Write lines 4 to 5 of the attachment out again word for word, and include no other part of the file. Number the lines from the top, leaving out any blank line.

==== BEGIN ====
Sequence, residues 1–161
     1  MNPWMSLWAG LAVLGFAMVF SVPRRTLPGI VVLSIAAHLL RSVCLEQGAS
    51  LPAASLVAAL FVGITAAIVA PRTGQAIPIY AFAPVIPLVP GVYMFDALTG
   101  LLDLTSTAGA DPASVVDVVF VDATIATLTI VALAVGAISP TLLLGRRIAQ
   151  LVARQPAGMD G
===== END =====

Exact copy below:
   101  LLDLTSTAGA DPASVVDVVF VDATIATLTI VALAVGAISP TLLLGRRIAQ
   151  LVARQPAGMD G